New evidence for the therapeutic potential of curcumin to treat nonalcoholic fatty liver disease in humans.

Inzaugarat ME, De Matteo E, Baz P et al.

Instituto de Inmunología, Genética y Metabolismo-CONICET- Universidad de Buenos Aires, Buenos Aires, Argentina.

PloS one. 2017.

The immune system acts on different metabolic tissues that are implicated in the pathogenesis of nonalcoholic disease (NAFLD). Leptin and linoleic acid have the ability to potentially affect immune cells, whereas curcumin is a known natural polyphenol with antioxidant and anti-inflammatory properties.This study was designed to evaluate the pro-inflammatory and pro-oxidant effects of leptin and linoleic acid on immune cells from patients with NAFLD and to corroborate the modulatory effects of curcumin and its preventive properties against the progression of NAFLD using a high-fat diet (HFD)-induced NAFLD/nonalcoholic mouse model.The ex vivo experiments showed that linoleic acid increased the production of reactive oxygen species in monocytes and liver macrophages, whereas leptin enhanced tumor necrosis factor-α (TNF-α) production in monocytes and interferon-γ production in circulating CD4+ cells. Conversely, oral administration of curcumin prevented HFD-induced liver injury, metabolic alterations, intrahepatic CD4+ cell accumulation and the linoleic acid- and leptin- induced pro-inflammatory and pro-oxidant effects on mouse liver macrophages.Our findings provide new evidence for the therapeutic potential of curcumin to treat human NAFLD. However, the development of a preventive treatment targeting human circulating monocytes and liver macrophages as well as peripheral and hepatic CD4+ cells requires additional research.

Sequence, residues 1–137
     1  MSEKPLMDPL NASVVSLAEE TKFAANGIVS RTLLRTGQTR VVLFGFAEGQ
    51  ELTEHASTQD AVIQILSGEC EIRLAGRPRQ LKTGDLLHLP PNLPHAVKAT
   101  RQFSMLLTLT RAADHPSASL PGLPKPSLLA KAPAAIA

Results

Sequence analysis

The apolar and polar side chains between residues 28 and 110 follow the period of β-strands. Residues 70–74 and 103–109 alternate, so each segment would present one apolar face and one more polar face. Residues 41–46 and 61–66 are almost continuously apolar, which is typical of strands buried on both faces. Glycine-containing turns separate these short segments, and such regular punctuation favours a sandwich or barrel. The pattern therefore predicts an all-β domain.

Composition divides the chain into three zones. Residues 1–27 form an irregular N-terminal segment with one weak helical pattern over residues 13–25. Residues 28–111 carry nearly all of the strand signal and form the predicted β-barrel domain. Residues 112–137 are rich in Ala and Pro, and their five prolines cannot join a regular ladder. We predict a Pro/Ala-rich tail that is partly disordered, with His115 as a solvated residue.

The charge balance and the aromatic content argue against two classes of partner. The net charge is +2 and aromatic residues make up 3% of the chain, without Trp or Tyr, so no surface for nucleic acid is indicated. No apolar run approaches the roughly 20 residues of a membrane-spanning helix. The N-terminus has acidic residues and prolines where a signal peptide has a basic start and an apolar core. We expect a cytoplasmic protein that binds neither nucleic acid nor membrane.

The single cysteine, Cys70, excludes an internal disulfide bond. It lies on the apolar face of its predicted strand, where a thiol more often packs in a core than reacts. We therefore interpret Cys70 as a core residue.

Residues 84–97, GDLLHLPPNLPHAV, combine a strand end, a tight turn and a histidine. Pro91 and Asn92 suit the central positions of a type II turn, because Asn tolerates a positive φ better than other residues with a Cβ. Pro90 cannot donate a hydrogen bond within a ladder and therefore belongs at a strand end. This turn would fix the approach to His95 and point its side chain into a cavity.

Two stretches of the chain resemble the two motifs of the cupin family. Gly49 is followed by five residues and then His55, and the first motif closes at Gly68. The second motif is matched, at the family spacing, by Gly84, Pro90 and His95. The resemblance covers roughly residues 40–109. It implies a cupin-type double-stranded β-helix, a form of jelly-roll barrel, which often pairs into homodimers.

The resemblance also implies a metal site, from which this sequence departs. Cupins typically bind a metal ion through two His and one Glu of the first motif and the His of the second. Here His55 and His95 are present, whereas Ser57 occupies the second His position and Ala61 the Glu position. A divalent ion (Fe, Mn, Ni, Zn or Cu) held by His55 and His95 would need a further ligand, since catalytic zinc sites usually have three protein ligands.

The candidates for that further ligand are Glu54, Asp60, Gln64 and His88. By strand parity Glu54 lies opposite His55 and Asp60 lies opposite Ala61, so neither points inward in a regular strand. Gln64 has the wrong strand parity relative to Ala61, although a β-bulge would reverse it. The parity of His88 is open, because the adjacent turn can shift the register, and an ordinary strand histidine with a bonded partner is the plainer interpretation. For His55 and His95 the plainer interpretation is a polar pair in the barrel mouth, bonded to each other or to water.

Pubmed

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